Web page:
Schools push lifestyle medicine to boost chronic-disease prevention For all that medical students, residents and physicians learn or know about advances in pharmaceuticals, diagnostics and precision medicine that can improve patient outcomes, it is what happens in patients’ lives where they live, work and play that too often gets passed over—across the medical educational continuum. That is the case even though lifestyle choices can have the biggest impact on prevention and management of chronic diseases such as hypertension and diabetes.

FDA Clears Trevo Stent Retriever for Up to 24 Hours Post-Stroke The stent retriever from Stryker was cleared for thrombectomy-eligible patients as initial therapy to reduce paralysis and other stroke disability only as an addition to tissue plasminogen activator (tPA). Previously, the device was approved only for use within 6 hours of ischemic stroke onset.

Fecal transplants move into the mainstream to treat difficult infection Fecal transplants are increasingly becoming a mainstream treatment. For the first time, an influential medical group is recommending the procedure — in which donor fecal matter is transferred to a patient — for individuals who have repeatedly failed standard treatments for severe diarrhea caused by Clostridium difficile, commonly known as C. diff1.

Why Medical Students Hate Fox’s New TV Show The Resident As graduating medical students eager to begin our residency training this summer, we were intrigued to hear that Fox would be depicting this crucial phase of our medical training in its new show, The Resident. After watching the pilot episode, we were appalled and horrified.

Physicians, ethicists urge Congress not to pass ‘right-to-try’ legislation WASHINGTON — Dozens of doctors, medical ethicists, and lawyers are warning Congress that legislation to allow Americans with life-threatening conditions access to unapproved, experimental drugs risks harming patients’ health.

ACP calls on doctors to practice what they teach The formal curriculum of medical education must be reinforced and enhanced by the hidden curriculum conveyed in medical schools, residency programs, hospitals, clinics, and team rooms, the American College of Physicians (ACP) recommends in a new position paper published today in Annals of Internal Medicine.

How can we remedy the shortage of health providers? In a medical mecca like Boston, which is home to three medical schools and many world-class hospitals, you’d think that getting a timely appointment with a primary care physician or specialist would be a breeze. It isn’t. Finding a doctor is even harder in rural and underserved areas. Yet the public debate on health care remains focused on insurance and funding, and largely ignores the undersupply of health care professionals. Access to care means more than adequate insurance.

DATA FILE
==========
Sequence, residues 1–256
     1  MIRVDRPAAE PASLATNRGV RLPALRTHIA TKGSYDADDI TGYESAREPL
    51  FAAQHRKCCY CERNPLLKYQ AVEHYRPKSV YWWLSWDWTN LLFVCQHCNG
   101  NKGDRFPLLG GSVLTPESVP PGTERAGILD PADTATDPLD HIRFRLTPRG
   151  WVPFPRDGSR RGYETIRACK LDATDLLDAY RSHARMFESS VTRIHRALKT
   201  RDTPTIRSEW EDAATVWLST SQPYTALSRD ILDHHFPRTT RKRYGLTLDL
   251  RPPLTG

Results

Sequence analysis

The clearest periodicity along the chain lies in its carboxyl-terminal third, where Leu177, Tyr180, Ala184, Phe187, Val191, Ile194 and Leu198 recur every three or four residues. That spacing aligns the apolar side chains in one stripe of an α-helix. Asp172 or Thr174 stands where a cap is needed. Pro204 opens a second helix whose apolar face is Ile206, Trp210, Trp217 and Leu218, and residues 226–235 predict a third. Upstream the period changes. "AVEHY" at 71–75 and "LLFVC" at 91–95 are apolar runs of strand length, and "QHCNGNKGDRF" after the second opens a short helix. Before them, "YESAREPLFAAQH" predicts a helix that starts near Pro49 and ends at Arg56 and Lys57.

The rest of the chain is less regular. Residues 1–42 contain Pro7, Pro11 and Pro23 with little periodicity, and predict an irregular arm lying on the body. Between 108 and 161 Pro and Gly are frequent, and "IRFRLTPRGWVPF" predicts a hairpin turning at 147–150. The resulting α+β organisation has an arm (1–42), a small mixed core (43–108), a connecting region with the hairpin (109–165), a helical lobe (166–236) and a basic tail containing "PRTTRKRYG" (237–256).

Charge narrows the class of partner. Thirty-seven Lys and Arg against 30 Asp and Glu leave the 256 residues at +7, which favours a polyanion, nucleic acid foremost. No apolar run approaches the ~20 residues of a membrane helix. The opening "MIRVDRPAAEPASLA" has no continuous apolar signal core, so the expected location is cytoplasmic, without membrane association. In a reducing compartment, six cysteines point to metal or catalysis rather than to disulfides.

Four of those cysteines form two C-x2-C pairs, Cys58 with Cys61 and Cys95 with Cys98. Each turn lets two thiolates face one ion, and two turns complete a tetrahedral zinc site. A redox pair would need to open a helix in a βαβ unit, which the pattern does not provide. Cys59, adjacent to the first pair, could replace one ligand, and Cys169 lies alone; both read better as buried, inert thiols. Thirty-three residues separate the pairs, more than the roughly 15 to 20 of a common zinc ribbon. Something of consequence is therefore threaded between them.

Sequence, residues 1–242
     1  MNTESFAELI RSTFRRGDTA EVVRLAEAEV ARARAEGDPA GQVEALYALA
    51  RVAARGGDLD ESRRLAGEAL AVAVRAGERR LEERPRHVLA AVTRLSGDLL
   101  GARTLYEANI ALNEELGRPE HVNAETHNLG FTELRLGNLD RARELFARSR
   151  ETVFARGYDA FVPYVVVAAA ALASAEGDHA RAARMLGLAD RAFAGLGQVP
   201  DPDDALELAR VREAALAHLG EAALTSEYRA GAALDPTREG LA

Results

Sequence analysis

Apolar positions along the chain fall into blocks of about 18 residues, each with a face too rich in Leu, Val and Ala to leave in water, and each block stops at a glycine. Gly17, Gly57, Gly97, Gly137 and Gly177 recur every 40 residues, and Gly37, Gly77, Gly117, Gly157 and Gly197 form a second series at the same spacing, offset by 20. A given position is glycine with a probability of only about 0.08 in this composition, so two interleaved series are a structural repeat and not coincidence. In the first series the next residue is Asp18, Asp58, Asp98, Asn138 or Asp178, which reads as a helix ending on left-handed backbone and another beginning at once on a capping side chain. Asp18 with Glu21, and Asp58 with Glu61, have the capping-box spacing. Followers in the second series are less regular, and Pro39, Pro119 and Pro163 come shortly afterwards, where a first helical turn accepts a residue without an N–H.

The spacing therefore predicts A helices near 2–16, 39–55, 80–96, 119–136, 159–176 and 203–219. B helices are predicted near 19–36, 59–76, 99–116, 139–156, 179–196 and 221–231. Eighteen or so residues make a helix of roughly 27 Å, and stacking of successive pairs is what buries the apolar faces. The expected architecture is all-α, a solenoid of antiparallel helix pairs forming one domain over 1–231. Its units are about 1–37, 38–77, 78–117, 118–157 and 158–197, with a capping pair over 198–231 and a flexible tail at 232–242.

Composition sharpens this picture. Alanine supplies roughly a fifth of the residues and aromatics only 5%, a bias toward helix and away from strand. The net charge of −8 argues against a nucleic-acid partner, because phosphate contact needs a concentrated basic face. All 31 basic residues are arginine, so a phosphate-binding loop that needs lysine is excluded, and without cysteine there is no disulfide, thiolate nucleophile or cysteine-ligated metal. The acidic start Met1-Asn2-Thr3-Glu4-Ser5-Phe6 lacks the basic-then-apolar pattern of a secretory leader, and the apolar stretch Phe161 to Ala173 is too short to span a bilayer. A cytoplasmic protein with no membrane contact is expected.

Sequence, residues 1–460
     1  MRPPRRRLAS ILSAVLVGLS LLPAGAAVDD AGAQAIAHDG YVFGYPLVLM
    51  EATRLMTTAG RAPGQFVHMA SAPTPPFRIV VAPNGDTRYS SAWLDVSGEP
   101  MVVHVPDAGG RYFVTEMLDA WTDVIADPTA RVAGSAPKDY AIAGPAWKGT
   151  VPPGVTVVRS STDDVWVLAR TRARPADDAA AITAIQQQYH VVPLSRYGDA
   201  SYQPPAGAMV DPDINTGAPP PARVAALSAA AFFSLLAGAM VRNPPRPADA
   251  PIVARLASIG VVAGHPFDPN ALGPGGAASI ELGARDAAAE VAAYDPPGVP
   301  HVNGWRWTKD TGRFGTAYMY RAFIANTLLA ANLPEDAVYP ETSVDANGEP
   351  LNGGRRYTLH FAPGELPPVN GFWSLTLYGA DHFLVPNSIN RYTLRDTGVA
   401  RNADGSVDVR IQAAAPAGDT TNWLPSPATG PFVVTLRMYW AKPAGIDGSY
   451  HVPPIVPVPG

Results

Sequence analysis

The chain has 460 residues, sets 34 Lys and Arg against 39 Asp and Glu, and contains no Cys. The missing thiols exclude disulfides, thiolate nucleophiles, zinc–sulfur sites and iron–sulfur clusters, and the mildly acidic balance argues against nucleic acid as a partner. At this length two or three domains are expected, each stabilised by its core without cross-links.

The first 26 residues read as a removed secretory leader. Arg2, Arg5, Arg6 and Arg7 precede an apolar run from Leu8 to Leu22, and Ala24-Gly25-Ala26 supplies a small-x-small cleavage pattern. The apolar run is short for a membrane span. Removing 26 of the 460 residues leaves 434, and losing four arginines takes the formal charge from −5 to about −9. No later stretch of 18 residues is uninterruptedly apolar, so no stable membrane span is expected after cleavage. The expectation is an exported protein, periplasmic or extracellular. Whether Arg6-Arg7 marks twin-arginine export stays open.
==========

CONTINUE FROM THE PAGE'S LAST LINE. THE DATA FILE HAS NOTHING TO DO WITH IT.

The Osler Institute Terre Haute IN 47807 (800) 356-7537

April 2018

 The Osler Institute

Welcome Dr. [last name]

The Osler Newsletter returns to provide you with up-to-date information to assist you in staying current with the latest news and trends in medicine and continuing medical education.

www.osler.org

Preparing for your board examination is tough. That is why The Osler Institute has designed its review courses to cut out the “fluff ” and offer you only those pearls which are guaranteed to help you ace your examination. There is never a better time than NOW to begin your preparations for your board exam.

Professionalism: Momentum for MOC Changes
National specialty medical societies, including the AAN, have joined forces with state medical societies to demand significant changes to the long-controversial processes by which physicians maintain their board certifications. Current maintenance of certification (MOC) programs have become so unpopular that state legislatures are moving to limit the significance of MOC and some physicians are opting out of the predominant recertification system entirely.

Health Care Spending in the United States and Other High-Income Countries
In 2016, the United States spent nearly twice as much as 10 high-income countries on medical care and performed less well on many population health outcomes. Contrary to some explanations for high spending, social spending and health care utilization in the United States did not differ substantially from other high-income nations. Prices of labor and goods, including pharmaceuticals and devices, and administrative costs appeared to be the main drivers of the differences in spending.

Controversial Duty-Hours Trial (Mostly) Backs Flexible Hours
Educational outcomes in hospitals’ intern-residency programs that set no limit on the duration of trainees’ work shifts did not differ from those in standard programs limiting shifts to 16-28 hours, the cluster-randomized iCOMPARE trial found.

Insurance Company Hurdles Burden Doctors, May Harm Patients
The scenario may sound familiar: Your doctor sends your prescription electronically to the pharmacy, and you go to pick it up. Only you can’t, because the insurance company requires “prior authorization” for that particular medication.

Severe Shortage Of Psychiatrists Exacerbated By Lack Of Federal Funding
A growing shortage of psychiatrists across the U.S. is making it harder for people who struggle with mental illness to get the care they need — and the lack of federal funding for mental health services may be to blame.

Amazon Isn’t the Only Retail Giant Trying to Remake Health Care
Amazon.com Inc. says it wants to remake health care for its workers. But its biggest rival is beating it to the punch. Walmart Inc., the largest private employer in the U.S., has been buying health care for its workers directly from providers in six different regions — bypassing insurers who usually negotiate with doctors and hospitals. The retailer is trying to find out if its formidable purchasing power can squeeze out middlemen and drive down costs in the same way that its tough bargaining has brought down prices for shoppers.